One of my duties as artist in residence at Beech Grove is to formulate studio dipping glazes for student use. Now, glaze chemistry has never been my strong point. I've no head for math, and I'm just not a very precise person, so in college I didn't have much luck finding glazes that I liked or had use for. All that repetitive testing just seemed tedious to me, and given the kind of surface treatments I prefer, not very useful. Except now I need that information for a job, and probably will many times in the future. So I better brush up on it, right?
I've always been the kind of person that will happily hit the books (or the internet) if there's something I don't know how to do. I really love learning, and usually pride myself on being able to pick up new skills easily. Several people have recommended Mastering Cone 6 Glazes to me as a really great resource, so I asked for it for Christmas, and I'm just now getting around to cracking it open.
Oh man. I'm slowly starting to think that once you have a baby, your brain just turns to mush and slides right out of your ears.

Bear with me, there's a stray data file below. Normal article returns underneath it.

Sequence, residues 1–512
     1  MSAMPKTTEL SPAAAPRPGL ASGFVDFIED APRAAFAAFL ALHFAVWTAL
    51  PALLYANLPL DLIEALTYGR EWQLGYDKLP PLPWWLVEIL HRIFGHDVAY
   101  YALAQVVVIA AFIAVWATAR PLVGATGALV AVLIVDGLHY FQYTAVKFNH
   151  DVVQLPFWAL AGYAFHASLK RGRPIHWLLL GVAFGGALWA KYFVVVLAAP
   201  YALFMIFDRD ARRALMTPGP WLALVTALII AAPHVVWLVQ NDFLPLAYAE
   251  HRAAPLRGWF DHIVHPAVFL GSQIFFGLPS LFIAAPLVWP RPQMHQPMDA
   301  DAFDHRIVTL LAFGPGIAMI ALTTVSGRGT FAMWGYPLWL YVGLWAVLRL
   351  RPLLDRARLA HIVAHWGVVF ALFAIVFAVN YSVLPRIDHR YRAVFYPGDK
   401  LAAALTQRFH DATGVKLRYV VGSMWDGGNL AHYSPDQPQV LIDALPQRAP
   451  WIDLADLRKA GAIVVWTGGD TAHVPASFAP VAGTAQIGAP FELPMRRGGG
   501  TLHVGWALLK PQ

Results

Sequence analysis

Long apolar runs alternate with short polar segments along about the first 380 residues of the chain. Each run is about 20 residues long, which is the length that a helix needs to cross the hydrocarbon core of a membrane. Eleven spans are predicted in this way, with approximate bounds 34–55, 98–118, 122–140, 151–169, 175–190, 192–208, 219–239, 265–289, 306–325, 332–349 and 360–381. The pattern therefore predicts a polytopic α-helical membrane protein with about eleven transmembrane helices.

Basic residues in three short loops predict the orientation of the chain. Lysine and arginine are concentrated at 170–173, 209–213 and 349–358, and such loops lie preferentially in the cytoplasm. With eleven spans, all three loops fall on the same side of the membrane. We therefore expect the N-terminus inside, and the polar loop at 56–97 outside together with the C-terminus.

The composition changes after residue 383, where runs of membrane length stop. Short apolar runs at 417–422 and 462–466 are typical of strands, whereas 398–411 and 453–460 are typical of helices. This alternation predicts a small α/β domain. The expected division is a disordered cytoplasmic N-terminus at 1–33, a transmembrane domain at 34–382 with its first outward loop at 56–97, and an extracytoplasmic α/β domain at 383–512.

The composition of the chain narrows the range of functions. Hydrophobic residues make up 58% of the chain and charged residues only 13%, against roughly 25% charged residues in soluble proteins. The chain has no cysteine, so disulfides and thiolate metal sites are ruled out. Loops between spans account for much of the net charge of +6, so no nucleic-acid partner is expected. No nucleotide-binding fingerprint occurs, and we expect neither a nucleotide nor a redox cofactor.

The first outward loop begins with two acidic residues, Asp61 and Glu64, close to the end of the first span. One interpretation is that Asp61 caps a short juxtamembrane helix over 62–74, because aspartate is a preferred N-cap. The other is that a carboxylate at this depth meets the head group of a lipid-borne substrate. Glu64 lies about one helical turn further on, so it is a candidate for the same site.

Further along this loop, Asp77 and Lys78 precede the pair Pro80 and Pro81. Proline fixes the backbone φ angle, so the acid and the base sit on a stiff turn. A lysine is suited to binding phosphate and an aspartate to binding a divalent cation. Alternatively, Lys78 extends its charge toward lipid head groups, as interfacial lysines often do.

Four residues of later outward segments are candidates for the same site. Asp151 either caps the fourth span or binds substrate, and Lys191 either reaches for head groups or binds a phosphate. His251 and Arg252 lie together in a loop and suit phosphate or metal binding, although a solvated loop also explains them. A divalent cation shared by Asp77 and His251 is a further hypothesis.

I woke up yesterday morning, fed Maddy, and after she went back to sleep, I figured I had a couple quiet hours to spare before she woke up again. I thought it would be an excellent time to sit down and finally begin reading this book. Next week being my break, and with my new (currently not working, but fixable) test kiln, I figured it would be the perfect time to get some glaze testing done. I sat down with my cup of coffee, and started reading.
And could barely register a word of it.
I can barely even remember what I read! What is wrong with my brain! I gave up in frustration, but several friends and potters assured me that it was probably not a good morning read, so I tried again in the afternoon (after many cups of coffee). Slightly clearer then, but still daunting.
Don't get me wrong. Clearly there is a lot of good info in this book. The base glaze recipes they include will probably be a lot of help. And they clearly intended this book to be simplistic so that anyone can use it and formulate their own glazes.
But my brain must be broken. Or stuffed with fluff.
Maybe it's just not the sort of thing you should read cover to cover. Maybe I need to look at the appendices and apply some of the practices in studio to really understand what they're talking about.
I know everyone says this a great book. But I can't remember the last time I've felt so stupid!